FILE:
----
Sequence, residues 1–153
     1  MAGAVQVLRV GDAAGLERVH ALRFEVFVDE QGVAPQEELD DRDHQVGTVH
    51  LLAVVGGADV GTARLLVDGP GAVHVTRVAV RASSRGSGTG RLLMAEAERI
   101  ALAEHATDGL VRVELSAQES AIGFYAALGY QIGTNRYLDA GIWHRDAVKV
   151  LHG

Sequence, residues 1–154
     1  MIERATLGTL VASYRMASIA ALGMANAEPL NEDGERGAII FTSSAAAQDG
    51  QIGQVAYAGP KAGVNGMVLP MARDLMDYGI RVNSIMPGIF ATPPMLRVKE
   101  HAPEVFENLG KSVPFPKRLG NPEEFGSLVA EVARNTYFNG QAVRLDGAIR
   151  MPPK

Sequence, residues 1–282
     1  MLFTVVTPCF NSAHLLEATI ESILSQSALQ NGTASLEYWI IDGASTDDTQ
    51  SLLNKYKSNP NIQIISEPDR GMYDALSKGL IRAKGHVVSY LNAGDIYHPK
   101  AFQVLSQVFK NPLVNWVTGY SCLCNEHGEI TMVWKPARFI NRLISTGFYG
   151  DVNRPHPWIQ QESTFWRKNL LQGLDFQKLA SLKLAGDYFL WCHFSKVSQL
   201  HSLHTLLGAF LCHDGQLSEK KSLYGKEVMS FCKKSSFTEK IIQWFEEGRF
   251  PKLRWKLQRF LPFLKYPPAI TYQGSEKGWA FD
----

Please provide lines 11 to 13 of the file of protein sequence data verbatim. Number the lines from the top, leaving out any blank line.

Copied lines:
Sequence, residues 1–282
     1  MLFTVVTPCF NSAHLLEATI ESILSQSALQ NGTASLEYWI IDGASTDDTQ
    51  SLLNKYKSNP NIQIISEPDR GMYDALSKGL IRAKGHVVSY LNAGDIYHPK